To challenge these rules, you first need to understand the existing ones. What do competitors take for granted? What do they overlook? What are the taboos in the industry and within your company? What box is it that you all stay inside? That box is small, so the opportunities outside of it are astronomical.

Analyzing how players within the industry behave as well as the common beliefs that are held about how to do business is of the utmost importance when developing real innovations.

Administering a design thinking approach requires an action-oriented mindset with a healthy defiance of traditional constraints. The output of the design process is the problem solved, a client need met, and a largely improved state of affairs.

The critical task for the insurance industry will involve embracing tradition and breaking convention. This will entail a need for brave, visionary people, people who want to push the boat out, that want to engage in exploring and defining the new borders again and again.

Design Thinking Can Bring Insurance Offerings to Life

Insurance is essentially an abstract construction manifested in some 80 pages of legal jargon that not many people truly understand. This service with little customer involvement creates a real problem when selling the product. Most people need and are accustomed to engaging their senses  during the process of being convinced of something. In an era of information overkill, sensory experiences are vital in the business buying decision. However, in the grander realm of financial services, design is often the forgotten discipline.

Design thinking is centered on the buyer and user interface and can assist in bridging the gap between abstract offerings and the real lives of consumers. Design thinking brings abstract brand values to life and makes intangible offerings more tangible. Great design creates recognition for consumers and indicators for brand, price, and quality. Design can create a better performance and even a position from which to ask a premium price. Pronounced design also enhances product usage as it is more simple and appealing to use.

Conventional wisdom tells you that you cannot make financial services tangible. Intangibility makes people uncertain and is one of the major reasons people feel insecure when making buying decisions. Intangibility can also make your proposition dull. Making things tangible lowers barriers to buying in a mystic way.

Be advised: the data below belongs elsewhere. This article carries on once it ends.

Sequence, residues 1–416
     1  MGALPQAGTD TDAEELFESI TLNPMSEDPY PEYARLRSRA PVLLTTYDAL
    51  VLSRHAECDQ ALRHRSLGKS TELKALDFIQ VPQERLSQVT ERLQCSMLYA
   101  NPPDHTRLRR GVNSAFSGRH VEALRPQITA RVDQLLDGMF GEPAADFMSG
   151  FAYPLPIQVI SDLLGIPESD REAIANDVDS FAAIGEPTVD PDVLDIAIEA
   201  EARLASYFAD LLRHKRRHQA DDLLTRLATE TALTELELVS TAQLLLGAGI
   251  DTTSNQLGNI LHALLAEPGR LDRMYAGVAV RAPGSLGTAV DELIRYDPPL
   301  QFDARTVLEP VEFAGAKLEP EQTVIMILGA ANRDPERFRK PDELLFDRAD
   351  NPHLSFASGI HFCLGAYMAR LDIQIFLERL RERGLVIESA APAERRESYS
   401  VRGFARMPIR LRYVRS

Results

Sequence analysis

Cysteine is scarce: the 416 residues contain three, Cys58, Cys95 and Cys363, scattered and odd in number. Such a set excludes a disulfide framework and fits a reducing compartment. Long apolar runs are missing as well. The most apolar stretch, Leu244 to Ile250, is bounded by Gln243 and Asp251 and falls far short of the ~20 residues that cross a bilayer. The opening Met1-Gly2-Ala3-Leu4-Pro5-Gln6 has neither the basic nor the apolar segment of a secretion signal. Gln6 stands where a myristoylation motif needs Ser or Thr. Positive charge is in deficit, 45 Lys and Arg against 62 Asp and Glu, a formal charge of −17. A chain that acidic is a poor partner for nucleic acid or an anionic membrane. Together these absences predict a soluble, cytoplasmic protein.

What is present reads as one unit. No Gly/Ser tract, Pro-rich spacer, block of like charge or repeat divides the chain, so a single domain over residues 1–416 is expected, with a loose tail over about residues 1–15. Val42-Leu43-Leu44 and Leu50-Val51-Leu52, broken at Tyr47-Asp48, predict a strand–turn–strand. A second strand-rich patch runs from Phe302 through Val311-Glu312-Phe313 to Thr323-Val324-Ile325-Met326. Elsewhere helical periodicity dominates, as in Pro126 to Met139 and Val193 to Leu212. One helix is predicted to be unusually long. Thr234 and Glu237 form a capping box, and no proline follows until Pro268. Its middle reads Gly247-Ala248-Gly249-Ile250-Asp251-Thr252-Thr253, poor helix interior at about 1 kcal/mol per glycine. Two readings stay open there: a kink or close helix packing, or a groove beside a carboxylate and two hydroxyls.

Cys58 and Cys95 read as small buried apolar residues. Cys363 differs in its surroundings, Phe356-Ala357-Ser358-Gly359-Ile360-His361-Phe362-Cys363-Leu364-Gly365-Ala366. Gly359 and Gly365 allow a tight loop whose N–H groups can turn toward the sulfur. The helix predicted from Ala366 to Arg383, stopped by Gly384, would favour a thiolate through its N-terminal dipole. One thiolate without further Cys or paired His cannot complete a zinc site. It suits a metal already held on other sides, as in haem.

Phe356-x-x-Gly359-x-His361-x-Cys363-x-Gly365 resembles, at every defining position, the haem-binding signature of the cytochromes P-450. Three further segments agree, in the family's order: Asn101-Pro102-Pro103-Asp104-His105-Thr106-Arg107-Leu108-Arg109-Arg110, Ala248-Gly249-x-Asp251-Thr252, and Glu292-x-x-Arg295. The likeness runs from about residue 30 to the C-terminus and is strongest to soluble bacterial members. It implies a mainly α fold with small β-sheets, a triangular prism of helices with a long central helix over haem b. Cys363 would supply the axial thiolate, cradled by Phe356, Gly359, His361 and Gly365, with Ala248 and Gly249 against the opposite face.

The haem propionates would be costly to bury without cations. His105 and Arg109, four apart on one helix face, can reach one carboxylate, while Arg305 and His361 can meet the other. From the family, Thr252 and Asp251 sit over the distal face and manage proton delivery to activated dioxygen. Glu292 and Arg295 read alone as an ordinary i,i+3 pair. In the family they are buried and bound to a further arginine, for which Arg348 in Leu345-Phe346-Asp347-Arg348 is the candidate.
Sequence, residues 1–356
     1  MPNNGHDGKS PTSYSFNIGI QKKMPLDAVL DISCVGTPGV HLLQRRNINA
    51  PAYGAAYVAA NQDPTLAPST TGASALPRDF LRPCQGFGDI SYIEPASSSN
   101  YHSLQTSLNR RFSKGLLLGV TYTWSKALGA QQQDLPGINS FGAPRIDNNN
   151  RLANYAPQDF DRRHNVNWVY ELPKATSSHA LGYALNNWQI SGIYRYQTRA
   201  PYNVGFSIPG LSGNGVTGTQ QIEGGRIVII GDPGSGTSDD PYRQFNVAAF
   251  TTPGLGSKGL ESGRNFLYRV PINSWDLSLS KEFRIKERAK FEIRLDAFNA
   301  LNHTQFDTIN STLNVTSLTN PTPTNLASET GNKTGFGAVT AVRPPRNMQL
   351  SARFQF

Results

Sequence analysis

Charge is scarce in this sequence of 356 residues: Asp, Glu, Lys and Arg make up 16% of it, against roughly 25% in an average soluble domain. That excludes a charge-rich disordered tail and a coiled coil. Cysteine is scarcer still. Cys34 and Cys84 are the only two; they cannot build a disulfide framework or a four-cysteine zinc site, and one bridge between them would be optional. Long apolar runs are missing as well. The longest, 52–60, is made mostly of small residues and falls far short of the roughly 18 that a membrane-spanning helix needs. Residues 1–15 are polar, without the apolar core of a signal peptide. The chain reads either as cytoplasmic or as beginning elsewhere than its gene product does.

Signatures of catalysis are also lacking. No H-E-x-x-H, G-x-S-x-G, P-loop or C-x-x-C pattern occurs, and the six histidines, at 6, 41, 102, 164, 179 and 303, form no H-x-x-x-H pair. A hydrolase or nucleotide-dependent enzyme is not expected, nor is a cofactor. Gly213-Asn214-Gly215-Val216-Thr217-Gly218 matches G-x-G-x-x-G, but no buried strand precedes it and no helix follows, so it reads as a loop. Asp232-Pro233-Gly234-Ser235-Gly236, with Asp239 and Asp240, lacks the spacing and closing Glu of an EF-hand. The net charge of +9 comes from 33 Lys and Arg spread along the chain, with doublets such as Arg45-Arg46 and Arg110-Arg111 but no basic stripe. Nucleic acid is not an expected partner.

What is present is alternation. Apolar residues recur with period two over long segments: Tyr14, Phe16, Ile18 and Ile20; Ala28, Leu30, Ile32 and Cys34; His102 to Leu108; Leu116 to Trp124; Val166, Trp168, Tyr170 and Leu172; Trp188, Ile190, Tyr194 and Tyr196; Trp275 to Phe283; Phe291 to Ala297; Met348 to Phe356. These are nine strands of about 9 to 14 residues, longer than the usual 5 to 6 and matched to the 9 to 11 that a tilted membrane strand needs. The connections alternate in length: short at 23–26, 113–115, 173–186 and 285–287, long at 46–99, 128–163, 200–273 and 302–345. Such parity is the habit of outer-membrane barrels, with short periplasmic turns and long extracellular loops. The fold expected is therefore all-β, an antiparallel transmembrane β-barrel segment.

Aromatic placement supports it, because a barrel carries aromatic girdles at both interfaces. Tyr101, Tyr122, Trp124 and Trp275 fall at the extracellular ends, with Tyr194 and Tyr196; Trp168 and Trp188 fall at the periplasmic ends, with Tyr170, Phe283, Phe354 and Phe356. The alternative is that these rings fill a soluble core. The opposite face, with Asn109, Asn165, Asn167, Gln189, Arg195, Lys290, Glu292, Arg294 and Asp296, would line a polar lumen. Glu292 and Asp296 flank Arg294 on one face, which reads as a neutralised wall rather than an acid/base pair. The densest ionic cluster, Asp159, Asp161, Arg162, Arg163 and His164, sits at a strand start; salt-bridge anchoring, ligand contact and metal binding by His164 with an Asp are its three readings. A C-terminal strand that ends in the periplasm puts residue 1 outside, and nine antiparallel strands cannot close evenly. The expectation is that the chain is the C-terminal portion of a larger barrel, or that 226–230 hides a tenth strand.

Looking beyond the traditional barriers of the insurance sector is critical for producing differentiated products and services. Direct alliance with digital platforms, distribution channels, and policyholders can unlock a host of client insights.

With enough creativity, many things can be made tangible, and  solutions will begin to present themselves.


Although there are many benefits associated with the design thinking approach, there are some very real challenges in developing a design-centric organization within the insurance industry. In particular, the prototyping step involved in this approach is difficult for large insurance companies that are navigating rigid parameters, regulation, and competition.

Furthermore, making entire organizations more innovative takes time and hard work. What, then, can companies do to compete? A good place to start would be to adopt a design thinking strategy of finding, testing, using, learning, and building at pace.

The transformation into a truly customer-centric organization is both complex and long; however, becoming this type of organization is hallowed ground when it comes to unlocking the true potential of customer value. Design thinking trains organizations to focus on minimizing customer effort to maximize customer value.

Design thinking is an approach that can be applied throughout the insurance industry and used by personal and commercial insurers, brokers and agents, chief executives and entry-level employees, risk consultants and actuaries, etc..

It doesn’t yet seem that the industry has fully accepted the design thinking approach on the aggregate, but questions are being raised that address the current paradigm—and that’s a real start.

If the case of design thinking has taught us anything thus far, it is that winning organizations are the ones who treat their customers with respect by providing great service and building sustained relationships with them.

About Cooper Cohen, CPCU

Cooper is an International Underwriter at CNA Financial in Chicago, Illinois providing tailored solutions to meet the foreign insurance needs of US-based clients doing business abroad. He graduated with honors from the University of Notre Dame where he studied the complexities of Finance & Entrepreneurship. He is a native of Colorado and joined the insurance industry in 2016. Cooper holds the following designations: Chartered Property Casualty Underwriter (CPCU), Commercial Lines Coverage Specialist (CLCS), and Construction Risk and Insurance Specialist (CRIS).